This DIY sink and kitchen prep area is to die-for! And watching Rosie work is just a joy!

A post shared by I AM Montessori (@iammontessori) on Sep 8, 2017 at 12:23am PDT
I love watching the movement of this fantastic mobile! I could literally watch babies work all day.

A post shared by Jae 🙍 (@pinayhomeschooler) on Oct 19, 2017 at 2:16am PD…

Teething -- Montessori Baby Week 46

This past week, some familiar signs have been creeping back into our lives; pink cheeks, runny nose, late night shenanigans, and an insatiable desire to eat our dining room table have been constant this week. These can only  mean one thing -- teeth. At 10 months old, Gus has six teeth, so we've been down this road before. And, just like with any other interest I notice in Gus, it's time to prepare the environment to fill his needs. 

This post contains affiliate links at no cost to you. 

Typically, with teething this has meant, creating a treasure basket of different teethers and making that available to him. To create the treasure basket, I just pick a few (3-4) of our favorite teethers, place in an interesting basket, and make it available. Some of our common choices include:

Como Tomo | Winkle | Atom Rattle | Calmies Ball | Wooden Pacifier Clips {we have a couple different kinds he loves} | Rubber Pacifier | Thin Washcloth {get them wet, and freeze} 

Gus can often be found wi…

Baby and Toddler Chairs -- Some Options

Montessori environments aim to allow children to develop as much independence as possible. For babies and toddlers, having the right sized piece of furniture can often make all the difference in allowing them to move independently throughout their home. When we think of small chairs, we often think of weaning. But, the right small chair in a Montessori home can actually be really helpful in a variety of situations. 
This post contains affiliate links at no cost to you. 

In particular, the right small chair can be used to assist in dressing, reading, putting on shoes, working at a table, and of course eating! It really does open up a completely new world when can move around a space without needing adult help or intervention. Just imagine how difficult life would be if you always had to climb up to get on the furniture or had to ask for help every time you wanted to sit down.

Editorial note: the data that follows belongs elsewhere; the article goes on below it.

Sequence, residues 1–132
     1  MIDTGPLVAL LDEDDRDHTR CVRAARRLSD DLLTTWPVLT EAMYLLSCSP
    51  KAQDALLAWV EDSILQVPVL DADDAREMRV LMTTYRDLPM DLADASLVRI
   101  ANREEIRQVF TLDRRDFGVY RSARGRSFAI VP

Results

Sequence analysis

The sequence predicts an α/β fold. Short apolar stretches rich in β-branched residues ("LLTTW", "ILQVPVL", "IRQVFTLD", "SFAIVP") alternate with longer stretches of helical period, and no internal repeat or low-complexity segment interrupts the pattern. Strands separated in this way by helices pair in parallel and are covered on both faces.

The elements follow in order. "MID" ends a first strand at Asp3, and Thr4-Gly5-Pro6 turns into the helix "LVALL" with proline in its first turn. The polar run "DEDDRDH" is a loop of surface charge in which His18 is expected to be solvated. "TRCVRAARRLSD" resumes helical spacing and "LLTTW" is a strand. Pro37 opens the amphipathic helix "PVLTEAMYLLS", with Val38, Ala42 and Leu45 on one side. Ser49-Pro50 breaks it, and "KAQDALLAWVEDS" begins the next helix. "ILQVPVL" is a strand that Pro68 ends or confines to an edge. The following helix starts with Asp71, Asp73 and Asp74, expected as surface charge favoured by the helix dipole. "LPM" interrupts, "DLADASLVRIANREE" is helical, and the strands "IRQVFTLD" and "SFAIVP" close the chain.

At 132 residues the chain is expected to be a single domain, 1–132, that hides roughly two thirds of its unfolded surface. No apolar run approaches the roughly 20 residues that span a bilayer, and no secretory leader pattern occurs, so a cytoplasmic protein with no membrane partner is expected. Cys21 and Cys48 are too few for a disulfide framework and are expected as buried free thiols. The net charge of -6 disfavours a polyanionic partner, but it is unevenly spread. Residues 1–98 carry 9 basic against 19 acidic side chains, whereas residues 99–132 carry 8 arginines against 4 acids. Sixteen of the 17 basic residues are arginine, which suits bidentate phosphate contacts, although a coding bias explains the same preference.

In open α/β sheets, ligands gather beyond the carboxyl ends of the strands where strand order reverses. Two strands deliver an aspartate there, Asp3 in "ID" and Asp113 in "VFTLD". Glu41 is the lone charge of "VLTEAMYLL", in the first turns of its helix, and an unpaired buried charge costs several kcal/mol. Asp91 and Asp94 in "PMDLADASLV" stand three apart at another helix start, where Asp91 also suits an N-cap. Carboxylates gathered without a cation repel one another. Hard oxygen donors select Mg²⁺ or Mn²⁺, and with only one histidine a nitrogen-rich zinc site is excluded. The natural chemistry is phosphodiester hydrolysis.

1. 5" Chair7" Chair | 2. Bench | 3. Cube Chair  | 4. 8" Chair  | 5. 6" Chair  | 6. 5"…

Losing a Pet

Over this weekend, we had to put our nearly 17-year-old dog down. Nettie was blind, deaf, and had stopped recognizing any of us (even by smell.) Over the last week, she had stopped eating and had become increasingly lethargic. It had become clear that her overall quality of life was no longer in a good place. 
This post contains affiliate links at no cost to you.

Henry and Nora knew that Nettie was an old dog. We had talked to them about it many times. Henry, in particular, loved Nettie and we were clear for the last year that she could die at anytime. But this week, when it became inevitable that we would lose her, our conversation changed from the abstract to the concrete. I asked some of my lovely followers on Instagram if they had any suggestions for books we could read with the kids to help them process this change. Many great books were suggested, and of those I ordered a few:
Lifetimes: The Beautiful Way to Explain Death to Children -- I liked this one because it wasn't spec…

Practical Life with Babies -- Montessori Baby Week 45

I have talked about the importance of practical life with toddlers many times. Practical life work -- and I do mean truly practical work -- is the foundation of using Montessori at home. Getting your kids involved in the kitchen, in cleaning, in self-care, in the real and meaningful work that is taking place in your home is exactly the type of "activity" your child naturally craves. But, this desire and the ability doesn't just magically appear one day. It slowly builds over time. 

Gus is in this phase right now. The more he is able to move and explore, the more I see him watching, attempting, and participating in practical experiences. His mind unconsciously absorbs everything around him, so by being in our family, he sees, experiences, and learns how to participate. We just have to give him the opportunity to practice and show us what he knows! Now that he is really moving a ton, is the moment to give him that time! "The child's conquests of independence are …

What We're Reading -- September

It has been another month of amazing book finds and great reads around here! I'm constantly amazed by the shear number of fantastic kids books available! No matter what your child's interest is, there is bound to be a great book that you can use to explore these interests. Or a good book opens up a whole new world of interests. It can be the spark that a child needs to really become intensely interested in a particular area.  The power of reading is just incredible. So, here are some of the books that we read last month!